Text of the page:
With the CSA boxes overflowing with fresh fruit and herbs this summer, it is time to start making jam. There is no better way to preserve the taste of summer and have the most amazingly stocked pantry all winter long. Whether you are a seasoned jam maker, a novice, or somewhere in between, there are a few easy-peasy tips for turning out perfect jam every time.
The best jam comes from the best produce. Before you begin any kind of cooking pick through your produce and discard anything that appears rotten or underripe. Wash your fruit carefully in order to rinse off any bugs and debris that might have come in from the field.
Line up your equipment before you cook to make sure everything is ready to go. Once you begin the process of making jam, it is hard to stop mid-way through. Jars can be sterilized in the dishwasher and allowed to drip dry on a tray covered with a clean cotton towel. Lids should be sterilized in a large pot of boiling water. Additional necessary equipment include: a long-handled spoon, jam pot, rubber gloves for handling the ladle when the jam is hot, a ladle, and a pot for processing jars (if desired).
Heat is perhaps the most important variable when making jam. If the jam gets too hot, it will scorch. If it doesn't warm up enough, it won't gel. Many jam recipes come with temperature notes. If you have a candy thermometer, use it to follow along with the recipe. If not, adjust the heat in small increments to achieve the desired bubbling point. Avoid great fluctuations in heat and be patient in letting the jam set.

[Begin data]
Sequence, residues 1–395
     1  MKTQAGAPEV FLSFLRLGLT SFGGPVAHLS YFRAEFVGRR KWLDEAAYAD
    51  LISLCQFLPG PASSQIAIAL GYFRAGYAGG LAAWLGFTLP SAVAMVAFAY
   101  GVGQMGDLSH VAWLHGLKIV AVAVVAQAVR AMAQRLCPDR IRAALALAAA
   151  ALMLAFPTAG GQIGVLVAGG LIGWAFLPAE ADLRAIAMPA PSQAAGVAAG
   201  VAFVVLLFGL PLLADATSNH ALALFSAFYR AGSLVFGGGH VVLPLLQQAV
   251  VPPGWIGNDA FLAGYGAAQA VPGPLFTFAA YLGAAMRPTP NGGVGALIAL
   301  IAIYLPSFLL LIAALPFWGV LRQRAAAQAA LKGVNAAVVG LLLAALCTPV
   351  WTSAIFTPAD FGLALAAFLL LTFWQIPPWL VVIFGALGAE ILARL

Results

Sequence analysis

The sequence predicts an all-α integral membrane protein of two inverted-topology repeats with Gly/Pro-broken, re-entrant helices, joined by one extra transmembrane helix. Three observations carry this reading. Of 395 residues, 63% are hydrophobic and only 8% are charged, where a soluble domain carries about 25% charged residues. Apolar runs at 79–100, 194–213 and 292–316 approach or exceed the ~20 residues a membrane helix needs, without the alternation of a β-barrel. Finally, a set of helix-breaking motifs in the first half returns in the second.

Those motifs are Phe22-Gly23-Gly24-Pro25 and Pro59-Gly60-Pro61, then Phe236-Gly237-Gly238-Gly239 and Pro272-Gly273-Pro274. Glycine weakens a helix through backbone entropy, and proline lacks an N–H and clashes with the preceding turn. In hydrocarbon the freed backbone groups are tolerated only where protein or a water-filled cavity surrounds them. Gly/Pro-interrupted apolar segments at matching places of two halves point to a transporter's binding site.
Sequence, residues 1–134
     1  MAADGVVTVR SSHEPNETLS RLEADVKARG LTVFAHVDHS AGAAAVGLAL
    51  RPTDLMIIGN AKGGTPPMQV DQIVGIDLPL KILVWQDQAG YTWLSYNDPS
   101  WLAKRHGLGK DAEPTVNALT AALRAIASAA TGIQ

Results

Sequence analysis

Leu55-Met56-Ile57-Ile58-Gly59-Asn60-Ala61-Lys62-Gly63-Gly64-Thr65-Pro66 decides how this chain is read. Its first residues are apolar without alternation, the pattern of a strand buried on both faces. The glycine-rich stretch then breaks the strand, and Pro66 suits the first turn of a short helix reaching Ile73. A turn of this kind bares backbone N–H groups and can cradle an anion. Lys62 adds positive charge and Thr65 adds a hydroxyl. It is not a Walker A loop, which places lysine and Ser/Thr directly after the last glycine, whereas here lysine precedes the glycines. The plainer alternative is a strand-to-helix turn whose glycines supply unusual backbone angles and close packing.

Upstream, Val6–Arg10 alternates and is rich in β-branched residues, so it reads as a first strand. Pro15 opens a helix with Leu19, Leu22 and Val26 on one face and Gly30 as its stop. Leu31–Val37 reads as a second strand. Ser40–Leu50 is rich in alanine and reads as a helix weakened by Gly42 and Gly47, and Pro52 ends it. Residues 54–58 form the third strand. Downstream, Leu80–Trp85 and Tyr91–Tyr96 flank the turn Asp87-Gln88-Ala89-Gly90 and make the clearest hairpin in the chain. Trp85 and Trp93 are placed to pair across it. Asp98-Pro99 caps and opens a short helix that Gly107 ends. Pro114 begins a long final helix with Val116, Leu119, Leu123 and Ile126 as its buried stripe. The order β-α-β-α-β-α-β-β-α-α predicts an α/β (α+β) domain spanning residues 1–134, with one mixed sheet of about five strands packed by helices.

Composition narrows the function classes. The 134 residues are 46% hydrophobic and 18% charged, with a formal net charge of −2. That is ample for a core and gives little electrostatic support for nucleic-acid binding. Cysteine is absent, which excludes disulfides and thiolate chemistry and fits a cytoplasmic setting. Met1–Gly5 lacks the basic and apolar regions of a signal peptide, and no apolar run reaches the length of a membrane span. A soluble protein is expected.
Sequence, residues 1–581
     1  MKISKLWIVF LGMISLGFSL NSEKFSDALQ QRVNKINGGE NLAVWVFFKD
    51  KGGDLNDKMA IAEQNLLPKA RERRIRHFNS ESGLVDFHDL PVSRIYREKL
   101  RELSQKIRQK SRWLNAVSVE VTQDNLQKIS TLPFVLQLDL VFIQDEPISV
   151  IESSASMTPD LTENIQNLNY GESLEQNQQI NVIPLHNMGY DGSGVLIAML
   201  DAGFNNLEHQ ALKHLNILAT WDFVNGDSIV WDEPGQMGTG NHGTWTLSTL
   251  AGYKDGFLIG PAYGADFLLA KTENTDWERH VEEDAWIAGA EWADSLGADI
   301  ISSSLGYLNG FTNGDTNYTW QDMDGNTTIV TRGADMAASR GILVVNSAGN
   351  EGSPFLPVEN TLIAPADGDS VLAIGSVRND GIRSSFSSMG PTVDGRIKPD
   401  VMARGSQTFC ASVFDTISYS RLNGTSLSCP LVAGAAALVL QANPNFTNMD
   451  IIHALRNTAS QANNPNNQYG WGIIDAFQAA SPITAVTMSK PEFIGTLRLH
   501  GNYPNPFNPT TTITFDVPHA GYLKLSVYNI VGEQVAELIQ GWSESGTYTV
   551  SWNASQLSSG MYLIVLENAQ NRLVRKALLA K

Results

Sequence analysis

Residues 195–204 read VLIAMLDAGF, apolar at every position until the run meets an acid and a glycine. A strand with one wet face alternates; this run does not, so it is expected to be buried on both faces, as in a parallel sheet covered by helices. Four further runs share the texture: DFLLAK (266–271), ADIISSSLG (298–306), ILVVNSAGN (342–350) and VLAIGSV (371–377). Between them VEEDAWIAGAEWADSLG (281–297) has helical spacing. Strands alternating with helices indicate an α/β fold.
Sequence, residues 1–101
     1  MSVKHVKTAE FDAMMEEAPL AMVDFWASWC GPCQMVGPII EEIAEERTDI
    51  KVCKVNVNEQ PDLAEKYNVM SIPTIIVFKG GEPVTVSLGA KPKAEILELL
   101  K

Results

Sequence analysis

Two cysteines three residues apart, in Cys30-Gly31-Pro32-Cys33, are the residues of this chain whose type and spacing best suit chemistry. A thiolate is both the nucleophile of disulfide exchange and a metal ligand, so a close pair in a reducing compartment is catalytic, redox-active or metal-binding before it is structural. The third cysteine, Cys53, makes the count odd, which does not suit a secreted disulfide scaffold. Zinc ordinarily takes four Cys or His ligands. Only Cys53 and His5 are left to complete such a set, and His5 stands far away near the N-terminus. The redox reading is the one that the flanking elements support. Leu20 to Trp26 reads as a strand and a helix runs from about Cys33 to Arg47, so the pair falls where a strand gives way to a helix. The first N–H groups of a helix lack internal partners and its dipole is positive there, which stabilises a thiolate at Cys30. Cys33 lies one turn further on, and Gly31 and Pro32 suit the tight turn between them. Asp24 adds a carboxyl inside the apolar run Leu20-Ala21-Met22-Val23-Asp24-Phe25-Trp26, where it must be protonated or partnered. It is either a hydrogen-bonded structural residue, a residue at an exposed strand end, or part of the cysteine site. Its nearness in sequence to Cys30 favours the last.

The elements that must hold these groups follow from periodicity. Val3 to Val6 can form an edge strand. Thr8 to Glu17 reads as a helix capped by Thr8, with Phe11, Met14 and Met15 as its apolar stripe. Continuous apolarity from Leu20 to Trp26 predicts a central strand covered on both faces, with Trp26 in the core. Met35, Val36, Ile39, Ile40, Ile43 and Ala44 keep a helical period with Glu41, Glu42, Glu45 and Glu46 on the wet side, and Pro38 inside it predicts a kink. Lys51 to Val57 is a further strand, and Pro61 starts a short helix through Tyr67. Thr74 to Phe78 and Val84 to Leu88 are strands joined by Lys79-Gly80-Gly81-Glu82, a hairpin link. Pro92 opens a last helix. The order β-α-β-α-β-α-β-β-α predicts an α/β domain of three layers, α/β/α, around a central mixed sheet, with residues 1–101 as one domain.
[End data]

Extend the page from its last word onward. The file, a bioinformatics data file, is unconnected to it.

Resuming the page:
There is no more accurate test I've ever found to determine whether jam is done then the chilled plate test. Place a porcelain plate in the freezer before you start cooking the jam. When you think it is done, remove the plate from the freezer and drop a small dollop of jam on the plate and tilt the plate 65 degrees. If the jam runs down and drips off the plate it still needs to cool longer. If it slowly dribbles down and takes more than 2 seconds to drip 2 inches, then it is finished. At this point you can remove the jam from the heat and begin canning it.
Once your jam is made, there are a few ways you can store it. First, if you make a large batch and want to preserve it until winter, you can ladle it into sterilized jars, close with a lid and rim, and process in a hot water bath according to recipe directions. If you make a small batch you plan to consume immediately, ladle the jam into sterilized jars, close with a lid and rim, and allow to cool to room temperature before storing in the refrigerator.